In fact, Tony Stark as The Suit is a metaphor that moves beyond the familiar Cyborg metaphor we have come to know and love since, really, the nineteenth century, but perhaps even before. Wilkie Collins' novel The Law and the Lady, for example, presents us with the character Miserrimus Dexter, who is described as "a strange and startling creature—-literally the half of a man" who comes into a courtroom "Gliding, self-propelled in his chair on wheels" (163) and rebukes anyone who touches his wheelchair as to do so is to lay hands upon himself. For, as Miserrimus often says, "My chair is Me" (138). He for certain is the Cyborg, the half-man, half-machine that we have seen for some time now. Count them, if you will, in comics (Cyborg, Iron Man, Cable, Deathlok), in literature (Frankenstein to some degree, Gibson's Case and Molly), in movies and television (Terminator, Robocop, the Borgs). They are everywhere, reminding us of our continuing dependence on technology to save us.

But where Iron Man moves beyond that beautiful-in-its-simplicity metaphor is in this fact: he is not dependent on the technology, but rather, the technology is dependent on him. As The Suit, as The Corporation, Tony Stark decides more than any one man ever should decide. Civil War presents the aftermath of this overwhelming power, as does the seductiveness of all Tony has to offer. Look at those who have fallen under his sway; I could name several, but I think Peter Parker speaks to them all.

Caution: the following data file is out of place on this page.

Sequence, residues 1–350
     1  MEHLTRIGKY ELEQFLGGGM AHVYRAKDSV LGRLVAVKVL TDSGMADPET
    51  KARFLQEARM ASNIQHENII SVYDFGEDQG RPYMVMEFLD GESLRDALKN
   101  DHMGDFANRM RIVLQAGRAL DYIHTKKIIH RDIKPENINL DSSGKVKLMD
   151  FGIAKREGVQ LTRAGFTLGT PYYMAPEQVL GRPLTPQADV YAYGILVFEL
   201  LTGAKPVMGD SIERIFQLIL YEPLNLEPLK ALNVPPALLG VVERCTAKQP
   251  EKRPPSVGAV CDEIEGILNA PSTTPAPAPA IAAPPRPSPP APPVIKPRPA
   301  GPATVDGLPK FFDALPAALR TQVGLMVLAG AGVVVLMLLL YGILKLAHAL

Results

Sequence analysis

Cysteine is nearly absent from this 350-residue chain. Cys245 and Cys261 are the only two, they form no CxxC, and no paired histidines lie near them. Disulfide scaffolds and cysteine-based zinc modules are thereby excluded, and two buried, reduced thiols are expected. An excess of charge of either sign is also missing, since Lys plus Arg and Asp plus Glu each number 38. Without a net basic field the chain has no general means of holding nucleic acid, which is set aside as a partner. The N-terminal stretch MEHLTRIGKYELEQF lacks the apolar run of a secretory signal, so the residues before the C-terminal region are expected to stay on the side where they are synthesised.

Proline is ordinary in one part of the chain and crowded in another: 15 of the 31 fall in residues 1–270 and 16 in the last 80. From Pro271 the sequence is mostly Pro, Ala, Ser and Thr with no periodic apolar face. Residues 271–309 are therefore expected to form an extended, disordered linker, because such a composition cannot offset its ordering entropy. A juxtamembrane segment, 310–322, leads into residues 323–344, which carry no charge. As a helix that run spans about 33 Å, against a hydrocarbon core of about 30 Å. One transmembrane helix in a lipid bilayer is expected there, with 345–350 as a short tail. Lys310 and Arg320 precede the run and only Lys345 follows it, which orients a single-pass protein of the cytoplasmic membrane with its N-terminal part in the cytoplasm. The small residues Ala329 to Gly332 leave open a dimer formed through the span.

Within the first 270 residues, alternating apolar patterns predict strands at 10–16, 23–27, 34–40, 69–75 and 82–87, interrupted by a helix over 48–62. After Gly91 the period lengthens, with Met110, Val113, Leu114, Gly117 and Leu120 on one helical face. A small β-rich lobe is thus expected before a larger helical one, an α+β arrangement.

In Warren Ellis's and Adi Granou's The Invincible Iron Man: Extremis, we see the dangers not of a man obsessed with science and technology and yes, it's true, Friends, not even his own mortality, but rather, the very simple danger of a man obsessed with making money. When being interviewed by a documentary maker, Tony Stark responds to accusations of his impartiality at the world's suffering: "Am I an arms dealer? No. Did I start out as a weapons designer? Yes. Do I intend to die as one? No." For Tony, at this moment, the ends without a doubt justify the means. He believes the initial intentions for his inventions don't really matter, that their lethal origins are overwritten by the good he's wrought as well. The filmmaker asks Tony, "Do you think they have your painkilling drug pumps in Iraq? Do you think an Afghan kid with his arms blown off by a landmine is remotely impressed by an Iron Man suit?" to which Tony responds, "I never claimed to be perfect. I always knew there would be blood on my hands. I'm trying... I'm trying to improve the world."

Tony Stark is trying to improve the world by rewriting it in the image he sees fit. Jump ahead to Civil War, and that image is one of order and registration. In this book, that image is one in which he controls and maintains the ultimate weaponry power. In Tony Stark's perfect world, he, and only he, is The Perfect Machine.